I could tell myself I needed a new PC anyway, and would have bought one for reasons other than gaming, but I'm pretty sure The Elder Scrolls IV: Oblivion had a lot to do with it. I'd fallen head over heels for Oblivion back in 2006, and was perfectly happy playing it on whatever slow-ass PC I had at the time (sorry I can't recall the specifics of the actual hardware). It still nagged at me that it just didn't look like the screenshots I was seeing and naturally the first thing I did when I got my new PC (I can't remember the specs of it, either) was load up Oblivion. The difference was astounding to me, like night and day. "Oh, wow, I can see Imperial City even when I'm not standing with my nose pressed up against it. Oh, wow, there is actually detail on my weapons and armor. Oh, wow, trees look like trees instead of like they've been cut out of construction paper."

It's probably for the best that I can't find screenshots from that PC because they'd probably look laughably unimpressive today, but at the time it was like my new computer let me step into an entirely new world.

DOOM

Modders and level creators continue to produce goods for the original Doom. Some even allow you to romance the demons. But nowadays they're often designed for modernised versions: source ports like ZDoom or GZDoom. These are cool, but it's neat to find a new Megawad created for the original DOS game, built under the ye olde engine restrictions (no free look, no slopes).

That's what Rekkr is, but it's not the only cool thing about it. It's a Viking-themed Megawad complete with 25 new levels, boasting its own textures, music and sound. It'll work in ZDoom and other source ports, but you'll get just as much out of it if you load it into the original game (that might be a hassle for modern PC users, though, unless you want to use DOSBox).

Check out the trailer for Rekkr below. If you're after some more cool wads, there's plenty over here, or perhaps you'd like to try some recent maps from John Romero? Thanks to Rock Paper Shotgun for the heads up.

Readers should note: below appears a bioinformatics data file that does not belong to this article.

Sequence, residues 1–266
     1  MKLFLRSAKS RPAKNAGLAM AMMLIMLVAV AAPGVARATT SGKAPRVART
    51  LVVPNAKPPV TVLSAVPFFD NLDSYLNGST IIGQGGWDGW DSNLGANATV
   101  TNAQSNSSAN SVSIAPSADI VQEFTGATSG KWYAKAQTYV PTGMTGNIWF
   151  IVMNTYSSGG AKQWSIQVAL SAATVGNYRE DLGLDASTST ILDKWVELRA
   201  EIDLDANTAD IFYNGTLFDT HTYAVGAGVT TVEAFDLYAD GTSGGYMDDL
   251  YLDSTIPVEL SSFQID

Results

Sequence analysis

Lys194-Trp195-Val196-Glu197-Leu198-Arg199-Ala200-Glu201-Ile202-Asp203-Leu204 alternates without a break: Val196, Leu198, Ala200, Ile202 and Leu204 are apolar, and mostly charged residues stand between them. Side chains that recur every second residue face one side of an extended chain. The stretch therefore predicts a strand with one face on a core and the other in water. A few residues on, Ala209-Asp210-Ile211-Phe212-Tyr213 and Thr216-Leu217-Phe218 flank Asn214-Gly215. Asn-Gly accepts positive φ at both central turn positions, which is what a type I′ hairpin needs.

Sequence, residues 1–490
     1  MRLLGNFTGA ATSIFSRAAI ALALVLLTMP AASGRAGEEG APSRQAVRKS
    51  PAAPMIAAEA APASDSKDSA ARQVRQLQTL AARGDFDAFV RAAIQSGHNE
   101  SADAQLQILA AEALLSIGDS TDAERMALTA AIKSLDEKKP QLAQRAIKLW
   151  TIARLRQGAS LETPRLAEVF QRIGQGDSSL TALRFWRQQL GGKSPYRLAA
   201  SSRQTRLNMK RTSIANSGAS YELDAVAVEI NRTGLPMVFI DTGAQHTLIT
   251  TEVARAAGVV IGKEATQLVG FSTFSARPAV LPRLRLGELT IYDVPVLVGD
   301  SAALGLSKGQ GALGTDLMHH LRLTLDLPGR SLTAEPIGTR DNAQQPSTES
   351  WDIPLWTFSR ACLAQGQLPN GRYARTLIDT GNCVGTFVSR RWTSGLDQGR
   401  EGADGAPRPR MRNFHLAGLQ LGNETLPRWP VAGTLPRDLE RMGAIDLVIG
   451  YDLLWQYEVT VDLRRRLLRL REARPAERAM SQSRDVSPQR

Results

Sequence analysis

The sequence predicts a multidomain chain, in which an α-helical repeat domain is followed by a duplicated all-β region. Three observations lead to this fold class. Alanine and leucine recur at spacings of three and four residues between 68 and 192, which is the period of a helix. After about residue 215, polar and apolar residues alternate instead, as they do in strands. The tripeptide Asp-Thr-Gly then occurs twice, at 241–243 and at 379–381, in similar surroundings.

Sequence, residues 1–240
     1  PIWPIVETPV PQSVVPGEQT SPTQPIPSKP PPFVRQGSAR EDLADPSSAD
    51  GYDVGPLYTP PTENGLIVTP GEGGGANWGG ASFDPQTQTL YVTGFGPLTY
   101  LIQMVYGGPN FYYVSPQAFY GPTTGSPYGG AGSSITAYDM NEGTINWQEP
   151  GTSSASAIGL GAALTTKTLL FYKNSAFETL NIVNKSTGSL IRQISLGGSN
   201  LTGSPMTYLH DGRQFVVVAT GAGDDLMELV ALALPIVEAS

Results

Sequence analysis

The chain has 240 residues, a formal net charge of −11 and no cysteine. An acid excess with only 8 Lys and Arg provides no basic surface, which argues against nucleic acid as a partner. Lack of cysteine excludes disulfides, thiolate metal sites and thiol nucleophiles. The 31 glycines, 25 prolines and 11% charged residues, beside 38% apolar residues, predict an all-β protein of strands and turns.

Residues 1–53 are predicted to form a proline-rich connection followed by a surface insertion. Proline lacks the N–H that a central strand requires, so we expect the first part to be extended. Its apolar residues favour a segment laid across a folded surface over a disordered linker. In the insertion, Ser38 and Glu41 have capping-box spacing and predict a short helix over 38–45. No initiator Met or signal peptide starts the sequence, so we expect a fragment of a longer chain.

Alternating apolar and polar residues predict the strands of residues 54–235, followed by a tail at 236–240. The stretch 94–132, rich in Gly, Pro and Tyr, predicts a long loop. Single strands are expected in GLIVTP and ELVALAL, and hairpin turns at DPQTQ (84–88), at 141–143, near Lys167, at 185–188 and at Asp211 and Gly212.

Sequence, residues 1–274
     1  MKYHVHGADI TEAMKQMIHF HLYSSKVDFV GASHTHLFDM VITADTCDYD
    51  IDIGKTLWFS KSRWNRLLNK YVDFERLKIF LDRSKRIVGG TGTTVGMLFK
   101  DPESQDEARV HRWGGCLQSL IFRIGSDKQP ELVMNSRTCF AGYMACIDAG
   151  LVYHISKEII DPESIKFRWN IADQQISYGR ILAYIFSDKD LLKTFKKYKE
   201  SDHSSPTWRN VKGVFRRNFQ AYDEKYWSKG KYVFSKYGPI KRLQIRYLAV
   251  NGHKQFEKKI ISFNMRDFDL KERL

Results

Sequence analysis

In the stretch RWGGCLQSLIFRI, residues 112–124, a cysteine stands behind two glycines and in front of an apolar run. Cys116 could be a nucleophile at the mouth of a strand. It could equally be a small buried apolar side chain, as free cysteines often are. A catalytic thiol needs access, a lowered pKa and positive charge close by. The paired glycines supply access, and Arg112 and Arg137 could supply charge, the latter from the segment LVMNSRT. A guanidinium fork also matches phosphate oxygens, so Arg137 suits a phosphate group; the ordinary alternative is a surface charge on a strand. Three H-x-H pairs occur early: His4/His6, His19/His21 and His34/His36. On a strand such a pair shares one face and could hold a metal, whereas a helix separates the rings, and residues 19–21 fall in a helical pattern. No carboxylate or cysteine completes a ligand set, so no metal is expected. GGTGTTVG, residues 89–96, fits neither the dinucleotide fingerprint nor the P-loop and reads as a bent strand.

DOOM II - contact@rockpapershotgun.com (Dominic Tarason)

Rekkr

When it comes to mods for old games, I love seeing just how far their structure can be pushed with modern engines, but there’s still some wisdom in the old ways. Viking-themed Doom mod Rekkr takes it all the way to the old school and back again, uphill both ways in freezing snow.

Built to authentic retro specs (making it compatible with even the original DOS version, should you so wish), there’s no vertical aim, crouching or jumping here, just 25+ levels of weird techno-magical viking violence, with new enemies, weapons and art.

(more…)

DOOM - contact@rockpapershotgun.com (Brock Wilbur)

Screen Shot 2018-07-07 at 10.01.07 AM

Quake Champions is a fascinating experiment in remaking a game and trying to make that game both exactly like the original game but just More>. The title has been impressively on top of their game, regarding monthly-ish updates and the addition of new characters, maps, and balance tweaks. They’ve also made the way that you and your pals explode into meat much more specific. Now, there’s a way to free yourself of your terrible online name choices AND there’s a beautiful, relaxing river cruise down The Molten Falls, in a newly added map.

(more…)

DOOM